Ohio provides more hospital grounds for Mrs. Clinton, at least for now, but as the Donklephant points out, while Clinton still enjoys statistically significant leads, those too are fading fast.  One poll shows Obama making up ten points in the space of 11 days while two other polls give Hillary only a single digit lead.

But there’s more bad news for Clinton.  According to the NYT, more Democrats finally believe that Obama is best suited to beat McCain than Hillary, while in USA Today, we learn that nearly three to one Democrats believe Hillary Clinton will be the Democratic nominee.

These two polls, if truly representative, show just how difficult Clinton’s job is going to be.  The reason for this is that they provide for Obama the air of inevitability that the Clinton campaign held straight up until Iowa, and possibly up to South Carolina.  They paint him as the frontrunner, and by proxy, something of an establishment candidate.  Which means the question becomes how do you beat the establishment frontrunner candidate?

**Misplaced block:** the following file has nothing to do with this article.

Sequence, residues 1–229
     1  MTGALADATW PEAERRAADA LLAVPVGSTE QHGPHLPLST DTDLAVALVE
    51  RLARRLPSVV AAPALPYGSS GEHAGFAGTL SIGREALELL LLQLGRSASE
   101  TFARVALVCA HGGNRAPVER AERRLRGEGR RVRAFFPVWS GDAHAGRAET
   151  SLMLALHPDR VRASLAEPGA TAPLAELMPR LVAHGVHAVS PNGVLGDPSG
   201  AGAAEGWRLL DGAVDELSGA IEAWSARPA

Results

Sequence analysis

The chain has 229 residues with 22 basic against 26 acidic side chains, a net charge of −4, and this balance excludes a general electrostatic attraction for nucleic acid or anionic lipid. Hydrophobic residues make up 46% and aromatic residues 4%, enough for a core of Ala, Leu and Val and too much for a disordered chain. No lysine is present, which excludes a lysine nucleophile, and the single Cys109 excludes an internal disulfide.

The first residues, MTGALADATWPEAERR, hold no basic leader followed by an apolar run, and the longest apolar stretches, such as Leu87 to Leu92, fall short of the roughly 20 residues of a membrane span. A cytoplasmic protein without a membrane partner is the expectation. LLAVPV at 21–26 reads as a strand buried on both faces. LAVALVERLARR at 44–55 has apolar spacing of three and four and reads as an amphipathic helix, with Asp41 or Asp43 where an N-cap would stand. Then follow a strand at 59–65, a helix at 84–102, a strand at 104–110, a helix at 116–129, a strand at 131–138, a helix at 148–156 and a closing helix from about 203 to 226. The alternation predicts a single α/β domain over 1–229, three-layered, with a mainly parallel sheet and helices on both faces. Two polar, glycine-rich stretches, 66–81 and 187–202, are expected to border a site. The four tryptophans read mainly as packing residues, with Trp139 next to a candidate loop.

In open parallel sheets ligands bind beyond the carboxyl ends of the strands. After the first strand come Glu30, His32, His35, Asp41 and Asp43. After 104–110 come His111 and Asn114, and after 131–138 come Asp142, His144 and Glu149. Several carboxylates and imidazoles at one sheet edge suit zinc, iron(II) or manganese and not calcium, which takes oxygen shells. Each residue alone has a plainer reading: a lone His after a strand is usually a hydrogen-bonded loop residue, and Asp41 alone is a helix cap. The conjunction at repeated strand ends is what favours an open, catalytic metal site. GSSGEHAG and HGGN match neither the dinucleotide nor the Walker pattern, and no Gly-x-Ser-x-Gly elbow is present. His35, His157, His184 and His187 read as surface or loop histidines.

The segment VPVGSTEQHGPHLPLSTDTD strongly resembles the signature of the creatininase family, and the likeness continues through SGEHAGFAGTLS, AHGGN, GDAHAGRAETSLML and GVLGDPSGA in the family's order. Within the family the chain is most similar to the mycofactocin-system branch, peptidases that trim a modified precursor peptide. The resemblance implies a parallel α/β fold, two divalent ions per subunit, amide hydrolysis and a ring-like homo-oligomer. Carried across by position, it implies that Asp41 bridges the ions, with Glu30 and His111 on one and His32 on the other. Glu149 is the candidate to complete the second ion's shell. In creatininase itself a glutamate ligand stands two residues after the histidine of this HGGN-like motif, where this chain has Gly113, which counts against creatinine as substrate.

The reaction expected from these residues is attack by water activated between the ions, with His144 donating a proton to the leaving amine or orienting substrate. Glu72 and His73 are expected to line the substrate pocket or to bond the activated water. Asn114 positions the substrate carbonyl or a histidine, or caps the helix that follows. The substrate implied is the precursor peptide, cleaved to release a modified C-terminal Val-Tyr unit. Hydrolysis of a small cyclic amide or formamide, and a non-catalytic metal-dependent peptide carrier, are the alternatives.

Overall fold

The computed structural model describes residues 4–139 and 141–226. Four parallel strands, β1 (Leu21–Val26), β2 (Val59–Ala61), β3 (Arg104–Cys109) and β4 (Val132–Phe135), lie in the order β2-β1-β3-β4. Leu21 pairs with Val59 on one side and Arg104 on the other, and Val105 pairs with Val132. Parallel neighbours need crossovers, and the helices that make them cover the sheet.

The easy answer, of course, is to run as an insurgent, however; there is virtually no way for Hillary to pull that off.  While her campaign has had great difficulty establishing a narrative, for instance, some things they have been modestly successful at, and the biggest one is what bites them in the butt now.  That being the idea that she is the experience candidate.  It’s difficult to take a campaign that ran initially as an incumbancy and pull the complete 180 and run as an insurgent.  It’s next to impossible to do that with the Washington ties she has, and the pull within the party as well.

Logistically it’s almost impossible.  This monolithic challenge before her, though, is only emphasized by the fact that she can’t run as an ideological insurgent either.  Ideologically, two separate narratives have developed, one in which the two of them are essentially the same on the issues, and the other that Obama is to the left of Hillary.  The only way Hillary could possibly revive her campaign as a kind of protest campaign against the machine candidate ideologically would be for her to take a hard turn to the left which simply isn’t going to happen.